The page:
Microblading is all about making women feel better about themselves. However, not everyone can receive the five-star permanent makeup treatment we can offer them. Here are the clients who should avoid microblading and why.
Why microblading isn’t for everyone
Permanent makeup exists to make our day-to-day lives easier and more convenient. With microblading, we can say goodbye to hour-long routines and hundreds upon hundreds of dollars spent on makeup.
Microblading is also a brilliant solution to rediscovering our self-esteem and learning to embrace our true selves.
Which is why it’s a shame that not everyone can get permanent makeup.
Certain ailments and skin conditions prevent some clients from getting microblading. Others, of course, need only wait a few weeks or months, like pregnant clients or clients who recently got Botox.
If you haven’t yet, memorize this list of clients who can’t actually be clients. And don’t hold back from refusing treatment. After all, it’s for their safety and yours.
Breaking down the bad news
Being the bearer of bad tidings is never easy. It can be heartbreaking to tell an excited client that you can’t perform microblading on their brows or lips.
Here are a few tips to make The Talk easier for both parties:
- Be upfront. On your website or upon initial consultations, list the specific conditions that will bar clients from getting microblading. Don’t get their hopes up. There’s no point. Letting them know early on will save both of you the time and disappointment that comes with explaining why they can’t get permanent makeup.
- Be informative. Make sure to explain why their condition is incompatible with microblading. Don’t just turn them away. It’s your responsibility to spread awareness and information about permanent makeup, and that includes explaining why certain clients are unqualified from microblading.
- Be firm. Under no circumstances should you give in. It’s not worth it. If the procedure backfires, you might end up facing a lawsuit—not to mention the guilt that comes with endangering a client. You’ll also lose the good reputation you’ve so far built. If a client should not get microblading, then that client should not get microblading.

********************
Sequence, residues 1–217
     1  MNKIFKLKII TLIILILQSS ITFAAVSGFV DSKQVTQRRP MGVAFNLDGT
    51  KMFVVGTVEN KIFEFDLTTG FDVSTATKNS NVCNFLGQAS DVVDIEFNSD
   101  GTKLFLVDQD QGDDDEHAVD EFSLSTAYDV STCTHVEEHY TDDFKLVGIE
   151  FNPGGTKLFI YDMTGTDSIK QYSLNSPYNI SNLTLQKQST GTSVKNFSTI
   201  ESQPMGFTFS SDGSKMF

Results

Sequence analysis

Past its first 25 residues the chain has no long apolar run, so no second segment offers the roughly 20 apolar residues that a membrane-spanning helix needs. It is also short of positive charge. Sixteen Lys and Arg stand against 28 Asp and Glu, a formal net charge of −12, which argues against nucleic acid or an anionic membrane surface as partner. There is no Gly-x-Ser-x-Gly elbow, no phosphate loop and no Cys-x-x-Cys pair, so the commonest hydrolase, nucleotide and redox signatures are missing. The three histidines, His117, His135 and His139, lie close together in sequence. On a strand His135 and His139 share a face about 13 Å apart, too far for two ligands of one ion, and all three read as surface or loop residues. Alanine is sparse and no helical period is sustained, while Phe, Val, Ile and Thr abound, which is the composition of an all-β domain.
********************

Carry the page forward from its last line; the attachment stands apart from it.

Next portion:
But which clients are unqualified from microblading? Let’s list them down.
Who should avoid microblading?
Here is a list of clients who should not be allowed to undergo any microblading procedure.
1. Clients prone to keloids
Tattooing on a client prone to keloids may result in keloid scarring. Additionally, the skin may also have difficulty taking to the pigments.
For both the clients’ health and comfort, refrain from performing microblading on their keloids-prone skin.
2. Clients with transmittable blood diseases (e.g. HIV, hepatitis)
While we don’t want to discriminate against people living with transmittable blood diseases, performing microblading on these clients will endanger the safety of other clients.
There is sufficient evidence supporting the risk of syphilis and hepatitis B and C through tattooing.
Although you should practice proper sanitization and sterilization for your tools, it’s better to be safe than sorry. Clients will also rest easier knowing that you do not perform procedures on people with transmittable blood diseases.
3. Clients with skin complications and diseases, particularly in the area of treatment
Regardless of what skin complications the client has, the bottom line is that any form of tattoo will stress out their skin and possibly exacerbate the situation.
We actively discourage microblading for clients living with psoriasis, eczema, keratosis pilaris, and dermatitis.
In addition to any health risks, skin that often sheds will not be a good candidate for microblading. Shedding skin does not hold pigment very well.